There is something particularly dangerous about contemporary conspiracy theories. “What we’re seeing today is something different: conspiracy without the theory,” Nancy L. Rosenblum and Russell Muirhead, the authors of “A Lot of People Are Saying: The New Conspiracism and the Assault on Democracy,” told The Economist. “Its proponents dispense with evidence and explanation. Their charges take the form of bare assertion.”
“It is a powerful force, with the capacity to animate popular fury, to delegitimize political opposition and to hijack government institutions,” according to Dr. Rosenblum and Dr. Muirhead. What we’re seeing, they said, is “sheer fabulation.” And in America, “this new conspiracism now comes directly from the president, who employs his office to impose his compromised sense of reality on the nation.”
This is injurious to Trump supporters because people who believe conspiracy theories can become consumed by them. It is not good for your brain (or your family life) when you see patterns — secret plots by powerful, sinister figures — that don’t exist, in order to give meaning to events.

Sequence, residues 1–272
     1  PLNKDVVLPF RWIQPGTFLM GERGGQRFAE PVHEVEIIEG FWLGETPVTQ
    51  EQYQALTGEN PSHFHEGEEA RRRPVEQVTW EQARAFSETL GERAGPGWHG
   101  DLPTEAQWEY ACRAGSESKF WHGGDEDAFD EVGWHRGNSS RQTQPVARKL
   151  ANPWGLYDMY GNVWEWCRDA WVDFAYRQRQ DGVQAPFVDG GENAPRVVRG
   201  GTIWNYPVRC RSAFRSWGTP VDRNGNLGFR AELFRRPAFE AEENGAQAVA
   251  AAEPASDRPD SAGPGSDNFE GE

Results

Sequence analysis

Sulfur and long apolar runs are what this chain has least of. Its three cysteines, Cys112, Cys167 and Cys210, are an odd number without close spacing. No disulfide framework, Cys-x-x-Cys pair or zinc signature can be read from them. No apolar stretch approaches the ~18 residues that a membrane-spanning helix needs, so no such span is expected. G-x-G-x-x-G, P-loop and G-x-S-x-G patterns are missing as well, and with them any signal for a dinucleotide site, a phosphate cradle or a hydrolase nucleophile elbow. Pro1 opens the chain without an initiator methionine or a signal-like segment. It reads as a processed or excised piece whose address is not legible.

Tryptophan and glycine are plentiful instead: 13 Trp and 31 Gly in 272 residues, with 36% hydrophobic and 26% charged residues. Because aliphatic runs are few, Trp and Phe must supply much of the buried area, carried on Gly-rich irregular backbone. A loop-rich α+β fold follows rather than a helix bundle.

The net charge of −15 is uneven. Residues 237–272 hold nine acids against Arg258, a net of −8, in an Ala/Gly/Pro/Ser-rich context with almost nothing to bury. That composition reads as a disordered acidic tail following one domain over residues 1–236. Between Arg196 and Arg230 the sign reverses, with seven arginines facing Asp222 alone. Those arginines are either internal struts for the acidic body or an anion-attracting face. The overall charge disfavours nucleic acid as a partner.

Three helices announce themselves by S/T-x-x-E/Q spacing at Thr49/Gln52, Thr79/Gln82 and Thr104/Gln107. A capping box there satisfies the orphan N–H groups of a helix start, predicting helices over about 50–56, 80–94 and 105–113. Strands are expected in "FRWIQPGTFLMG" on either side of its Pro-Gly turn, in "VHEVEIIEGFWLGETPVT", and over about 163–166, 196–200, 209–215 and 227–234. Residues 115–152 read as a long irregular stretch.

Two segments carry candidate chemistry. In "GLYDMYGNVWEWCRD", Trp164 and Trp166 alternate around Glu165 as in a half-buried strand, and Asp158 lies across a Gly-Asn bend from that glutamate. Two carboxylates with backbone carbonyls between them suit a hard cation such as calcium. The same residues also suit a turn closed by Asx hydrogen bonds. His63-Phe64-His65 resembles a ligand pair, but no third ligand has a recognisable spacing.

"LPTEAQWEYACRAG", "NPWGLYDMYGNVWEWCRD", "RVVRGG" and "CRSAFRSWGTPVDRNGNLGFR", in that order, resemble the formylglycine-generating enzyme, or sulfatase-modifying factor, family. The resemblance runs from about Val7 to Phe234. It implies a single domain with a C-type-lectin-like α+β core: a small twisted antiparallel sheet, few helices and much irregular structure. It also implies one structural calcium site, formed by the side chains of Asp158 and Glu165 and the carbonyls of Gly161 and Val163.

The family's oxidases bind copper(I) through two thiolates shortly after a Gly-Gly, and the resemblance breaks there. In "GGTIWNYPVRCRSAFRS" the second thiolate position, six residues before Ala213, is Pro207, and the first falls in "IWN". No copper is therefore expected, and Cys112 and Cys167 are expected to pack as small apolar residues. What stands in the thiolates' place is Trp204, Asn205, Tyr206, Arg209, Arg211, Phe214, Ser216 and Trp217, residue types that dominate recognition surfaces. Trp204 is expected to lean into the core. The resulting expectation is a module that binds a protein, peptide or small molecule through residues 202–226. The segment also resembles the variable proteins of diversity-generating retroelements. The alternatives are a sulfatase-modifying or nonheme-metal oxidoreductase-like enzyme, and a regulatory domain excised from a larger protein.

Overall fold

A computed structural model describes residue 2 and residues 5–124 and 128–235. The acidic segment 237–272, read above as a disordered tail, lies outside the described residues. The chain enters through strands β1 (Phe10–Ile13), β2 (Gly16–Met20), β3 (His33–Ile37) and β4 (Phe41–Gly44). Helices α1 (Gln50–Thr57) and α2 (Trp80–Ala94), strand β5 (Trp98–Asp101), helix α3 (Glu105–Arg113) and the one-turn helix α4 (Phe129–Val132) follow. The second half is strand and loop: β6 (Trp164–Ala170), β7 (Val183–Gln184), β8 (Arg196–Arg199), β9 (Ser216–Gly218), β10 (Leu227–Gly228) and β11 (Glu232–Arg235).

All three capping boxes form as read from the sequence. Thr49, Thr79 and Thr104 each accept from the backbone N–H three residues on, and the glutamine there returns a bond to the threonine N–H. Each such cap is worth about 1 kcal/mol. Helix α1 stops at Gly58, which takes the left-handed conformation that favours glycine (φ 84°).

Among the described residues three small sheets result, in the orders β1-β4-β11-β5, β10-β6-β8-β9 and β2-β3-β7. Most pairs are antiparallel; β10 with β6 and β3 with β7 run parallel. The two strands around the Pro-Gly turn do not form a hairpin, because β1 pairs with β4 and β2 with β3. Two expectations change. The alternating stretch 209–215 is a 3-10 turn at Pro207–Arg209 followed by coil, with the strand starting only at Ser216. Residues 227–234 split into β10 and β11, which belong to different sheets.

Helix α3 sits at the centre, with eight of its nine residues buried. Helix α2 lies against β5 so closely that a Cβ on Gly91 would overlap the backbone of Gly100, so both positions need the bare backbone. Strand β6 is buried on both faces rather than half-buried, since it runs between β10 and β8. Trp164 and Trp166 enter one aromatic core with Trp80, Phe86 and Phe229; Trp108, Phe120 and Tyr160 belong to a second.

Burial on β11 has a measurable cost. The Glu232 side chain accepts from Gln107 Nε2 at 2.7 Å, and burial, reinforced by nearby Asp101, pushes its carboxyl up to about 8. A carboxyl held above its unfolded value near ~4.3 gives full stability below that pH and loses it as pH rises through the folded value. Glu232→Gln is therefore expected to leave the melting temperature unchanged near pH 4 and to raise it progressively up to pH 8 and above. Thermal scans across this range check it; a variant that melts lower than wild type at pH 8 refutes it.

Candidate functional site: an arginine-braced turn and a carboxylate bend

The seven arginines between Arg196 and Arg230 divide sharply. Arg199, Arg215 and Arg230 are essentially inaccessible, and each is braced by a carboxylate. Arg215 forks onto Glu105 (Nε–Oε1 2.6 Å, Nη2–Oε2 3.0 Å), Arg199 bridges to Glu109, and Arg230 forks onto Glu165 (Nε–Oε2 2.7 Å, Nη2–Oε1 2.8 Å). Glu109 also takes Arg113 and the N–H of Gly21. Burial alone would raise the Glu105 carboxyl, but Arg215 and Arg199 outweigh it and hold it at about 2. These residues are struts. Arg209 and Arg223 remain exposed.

And people rarely restrict themselves to believing a single conspiracy theory; they usually come in clusters. Soon enough, they become the prism through which budding conspiracists see the world.
Of course, there is an allure to conspiracy theories; they provide their followers with a sense of control, certainty and the belief that they are holders of “privileged knowledge.” At the same time, studies show that a belief in conspiracy theories correlates to “impoverished interpersonal functioning,” meaning paranoia, narcissism, disagreeableness, insecure attachments and Machiavellianism. Where have we seen that before?
People who believe in conspiracy theories are more likely to endorse violence as a way to express disagreement with the government. Once they are deep in, conspiracy theorists live in a distorted reality, a world of shadows, a hall of mirrors.
But the damage hardly stops there. Conspiracy theories, when they gain a wide enough currency, are destructive to democracy. They cloud and eventually warp people’s thinking to the point that even the most basic and obvious steps we need to take to slow the spread of a lethal pandemic, like wearing a mask, are ridiculed.
Crowds at Mr. Trump’s rallies chant for the firing of Dr. Anthony Fauci, who has been the director of the National Institute of Allergy and Infectious Diseases since 1984, with a White House spokesman, incredibly, dismissing Dr. Fauci “as exactly what the American people have come to expect from the Swamp.”